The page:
There has been some research to indicate that brain exercises, including meditation, can help to reduce the effects of some mental illnesses as we age, such as dementia and Alzheimer’s. Even beyond preventing mental decline, incorporating brain exercises helps you to live a better life today: to become more creative, more flexible in your thinking, to break out of past ruts. An exercised brain is a nimble brain, that will be more likely to see opportunities and solutions that you may otherwise miss in life.
In the past it was thought that as a person gets older it is natural for their cognitive abilities to decline. However, there is now research that shows it doesn’t have to be this way at all. Instead it is possible for a person to continue improving on a cognitive level as they get older.
Most people don’t realize that they should work to train their brain through such things as meditation and brain exercises. Allowing it to just develop habits and behaviors any way that it will without some direction from you really isn’t a good idea. Previous generations seemed to understand this better than we do today. Today it is a concept that too many people have never given any thought to, perhaps because we now have so much technology to rely on, but I don’t know. How can you expect your brain to form the way you want it to if you don’t have any defined goals about what that is?
Many people have taken up brain exercising to reduce the risk of mental illness and increase mental fitness. It is never too late for someone to change their thinking processes. That is the good news because people too often assume that what a person has always done is what they are destined to continue doing. Not true! Change can be challenging and require some time and persistence, but it can be accomplished with dedication and a good game plan. That’s because of what is called “neural plasticity.” This is the ability of our brain to change it’s wiring, in significant ways. It was previously thought that this ability of the brain stopped about the age of 25, but it’s now known that it continues throughout life. And like many other things, the more you use it, the better it works for you. So the more new things you expose yourself to, such as brain exercises, meditating, or just making sure you do things differently on a regular basis, the more nimble your brain will be. A good book that explains neural plasticity that I recommend to lots of clients is “Train Your Mind, Change Your Brain,” by Sharon Begley. If you find this area of research interesting, I would encourage you to pick up her book at your local library or bookstore.
I recently had a client who, at the age of 40, was quite stuck in her strategies for how she did things. Through our work together and just by my observation, I could see that she used the same strategies, or thought processes, over and over and it was hard for her to break out of them. When I felt that we had enough rapport, I shared my observations with her. She agreed, my observations were accurate. She was there for some help in opening herself up to trying new foods. She was on a personal program to be healthier and had been working with a nutritionist and wanted to incorporate more veggies and other “new” foods into her diet. But when she tried to do so she was faced with anxiety. Turns out that her inability to change her strategy with regard to what she ate was just an example of her rigidity in strategies in other areas of her life. When you’re like this, you often find that you repeat the same “mistakes” over and over. That despite TRYING to do things differently, somehow you keep coming up with the same results, whether that’s in relationships, career, or what you eat. As always, awareness is the beginning point of change. After making her aware of this tendency in herself and hearing her agreement with the observation, we discussed some ways that she could create more variety, purposefully, in how she does things in her life, from little things like going into her work building a different way than usual, to learning new skills, meditating, and traveling. Basically, to be more curious and to learn that there is ALWAYS more than one way to approach anything in life.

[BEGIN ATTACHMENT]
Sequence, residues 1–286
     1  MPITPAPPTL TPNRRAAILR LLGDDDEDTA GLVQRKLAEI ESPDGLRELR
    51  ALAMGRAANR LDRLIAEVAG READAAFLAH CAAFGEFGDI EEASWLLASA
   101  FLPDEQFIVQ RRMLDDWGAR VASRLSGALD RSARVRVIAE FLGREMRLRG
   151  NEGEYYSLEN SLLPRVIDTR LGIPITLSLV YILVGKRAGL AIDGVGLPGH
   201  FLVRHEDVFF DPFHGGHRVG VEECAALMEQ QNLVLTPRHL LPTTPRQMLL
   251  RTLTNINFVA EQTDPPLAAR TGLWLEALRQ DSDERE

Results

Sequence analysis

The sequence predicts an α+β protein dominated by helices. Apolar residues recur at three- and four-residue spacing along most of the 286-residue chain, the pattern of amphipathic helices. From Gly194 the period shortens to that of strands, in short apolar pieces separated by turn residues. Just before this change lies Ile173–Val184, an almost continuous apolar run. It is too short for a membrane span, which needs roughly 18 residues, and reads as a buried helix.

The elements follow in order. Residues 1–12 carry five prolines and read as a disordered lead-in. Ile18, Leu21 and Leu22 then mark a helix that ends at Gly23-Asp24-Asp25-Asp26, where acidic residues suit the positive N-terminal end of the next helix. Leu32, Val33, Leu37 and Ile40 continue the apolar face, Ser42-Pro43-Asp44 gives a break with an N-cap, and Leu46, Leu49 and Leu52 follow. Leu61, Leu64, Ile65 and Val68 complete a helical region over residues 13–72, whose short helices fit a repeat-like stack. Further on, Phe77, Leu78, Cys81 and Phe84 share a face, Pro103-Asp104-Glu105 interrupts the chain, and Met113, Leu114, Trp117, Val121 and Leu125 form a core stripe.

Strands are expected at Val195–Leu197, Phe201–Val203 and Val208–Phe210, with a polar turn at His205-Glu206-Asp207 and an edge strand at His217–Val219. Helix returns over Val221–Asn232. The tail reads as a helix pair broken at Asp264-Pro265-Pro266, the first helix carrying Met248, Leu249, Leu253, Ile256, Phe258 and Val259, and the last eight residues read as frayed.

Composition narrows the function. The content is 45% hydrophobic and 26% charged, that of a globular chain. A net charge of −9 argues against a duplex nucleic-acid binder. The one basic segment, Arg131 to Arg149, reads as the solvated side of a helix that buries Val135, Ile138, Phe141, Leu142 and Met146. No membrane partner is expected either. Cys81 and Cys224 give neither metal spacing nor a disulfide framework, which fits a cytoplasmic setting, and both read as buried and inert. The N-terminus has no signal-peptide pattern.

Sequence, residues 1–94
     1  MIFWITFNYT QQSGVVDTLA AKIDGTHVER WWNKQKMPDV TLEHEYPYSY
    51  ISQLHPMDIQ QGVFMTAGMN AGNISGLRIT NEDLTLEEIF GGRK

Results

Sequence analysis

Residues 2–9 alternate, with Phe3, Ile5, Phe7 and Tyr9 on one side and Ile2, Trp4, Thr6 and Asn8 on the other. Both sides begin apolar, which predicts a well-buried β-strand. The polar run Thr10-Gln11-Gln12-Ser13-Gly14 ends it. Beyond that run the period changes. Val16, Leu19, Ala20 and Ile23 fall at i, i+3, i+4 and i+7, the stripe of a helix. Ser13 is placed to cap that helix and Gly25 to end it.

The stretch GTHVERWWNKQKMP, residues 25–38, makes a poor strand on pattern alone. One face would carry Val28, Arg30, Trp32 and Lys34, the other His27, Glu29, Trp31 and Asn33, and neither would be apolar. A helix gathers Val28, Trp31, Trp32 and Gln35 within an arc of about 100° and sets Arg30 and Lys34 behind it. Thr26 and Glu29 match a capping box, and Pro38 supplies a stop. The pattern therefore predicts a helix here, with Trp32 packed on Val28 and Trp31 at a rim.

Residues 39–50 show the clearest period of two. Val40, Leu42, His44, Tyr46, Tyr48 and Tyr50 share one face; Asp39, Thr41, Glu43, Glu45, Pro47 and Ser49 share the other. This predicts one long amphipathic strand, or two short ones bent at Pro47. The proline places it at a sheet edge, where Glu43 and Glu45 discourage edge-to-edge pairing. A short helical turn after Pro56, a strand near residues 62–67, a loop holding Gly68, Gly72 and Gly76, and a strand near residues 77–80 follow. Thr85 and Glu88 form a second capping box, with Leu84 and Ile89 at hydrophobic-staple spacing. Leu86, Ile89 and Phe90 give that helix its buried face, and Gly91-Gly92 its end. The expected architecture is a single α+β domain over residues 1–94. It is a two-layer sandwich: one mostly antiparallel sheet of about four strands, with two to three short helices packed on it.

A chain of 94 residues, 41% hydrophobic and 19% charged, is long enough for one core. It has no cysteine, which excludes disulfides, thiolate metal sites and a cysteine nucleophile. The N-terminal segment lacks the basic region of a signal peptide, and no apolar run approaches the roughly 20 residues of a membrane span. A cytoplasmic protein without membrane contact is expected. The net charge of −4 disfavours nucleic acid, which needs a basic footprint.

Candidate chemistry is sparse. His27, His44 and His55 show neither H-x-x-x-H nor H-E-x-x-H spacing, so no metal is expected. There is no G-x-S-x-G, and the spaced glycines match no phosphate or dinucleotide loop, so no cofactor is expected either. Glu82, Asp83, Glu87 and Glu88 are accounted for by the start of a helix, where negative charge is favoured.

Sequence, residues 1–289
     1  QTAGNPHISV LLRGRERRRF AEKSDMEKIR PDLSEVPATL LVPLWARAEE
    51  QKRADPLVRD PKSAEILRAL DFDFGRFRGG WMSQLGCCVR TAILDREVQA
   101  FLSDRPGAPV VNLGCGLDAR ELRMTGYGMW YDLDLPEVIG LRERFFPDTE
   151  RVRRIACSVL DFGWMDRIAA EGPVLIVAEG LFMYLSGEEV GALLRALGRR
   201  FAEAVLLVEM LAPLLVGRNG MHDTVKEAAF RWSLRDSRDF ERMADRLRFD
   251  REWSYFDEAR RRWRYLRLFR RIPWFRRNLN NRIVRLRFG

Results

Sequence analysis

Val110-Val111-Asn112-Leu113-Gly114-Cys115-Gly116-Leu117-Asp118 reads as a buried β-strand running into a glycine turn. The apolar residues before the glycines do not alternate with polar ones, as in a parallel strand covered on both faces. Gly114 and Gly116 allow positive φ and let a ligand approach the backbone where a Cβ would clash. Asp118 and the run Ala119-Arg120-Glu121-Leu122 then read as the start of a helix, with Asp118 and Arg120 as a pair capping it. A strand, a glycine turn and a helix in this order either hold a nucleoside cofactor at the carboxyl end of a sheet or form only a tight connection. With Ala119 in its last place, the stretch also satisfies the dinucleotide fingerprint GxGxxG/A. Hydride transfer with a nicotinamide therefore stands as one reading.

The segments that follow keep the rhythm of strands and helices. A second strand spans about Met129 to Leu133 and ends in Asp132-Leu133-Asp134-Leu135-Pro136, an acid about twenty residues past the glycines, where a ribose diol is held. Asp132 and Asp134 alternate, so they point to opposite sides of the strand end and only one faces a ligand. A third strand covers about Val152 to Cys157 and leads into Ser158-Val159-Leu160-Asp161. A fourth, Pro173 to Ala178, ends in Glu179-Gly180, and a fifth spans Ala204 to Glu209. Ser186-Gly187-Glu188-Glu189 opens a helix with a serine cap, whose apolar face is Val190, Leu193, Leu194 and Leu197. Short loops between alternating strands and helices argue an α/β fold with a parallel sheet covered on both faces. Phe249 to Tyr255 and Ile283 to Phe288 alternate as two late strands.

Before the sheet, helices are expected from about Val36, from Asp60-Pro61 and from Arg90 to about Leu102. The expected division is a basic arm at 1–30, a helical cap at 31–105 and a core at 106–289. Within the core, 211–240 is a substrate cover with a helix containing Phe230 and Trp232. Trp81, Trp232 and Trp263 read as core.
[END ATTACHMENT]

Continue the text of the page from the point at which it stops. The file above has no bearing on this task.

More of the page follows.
The more that you work your brain the better it is going to be. Whether that’s being more creative about how you do daily things in your life, using brain exercises, meditating or the like. The effort you put into it is going to help you live a happier, more successful and healthier life. One of the basic tenets of NLP is that the person who is most flexible in any given situation or communication will be the most successful. Embracing these concepts will make you more flexible, more adaptable, and make it easier for your to see alternate paths to reach your goals, and therefore you will be more likely to have the results you want, in any area of life, and less likely to keep getting stuck in the same ways. There is a great deal of personal power that comes from brain exercising so don’t underestimate it.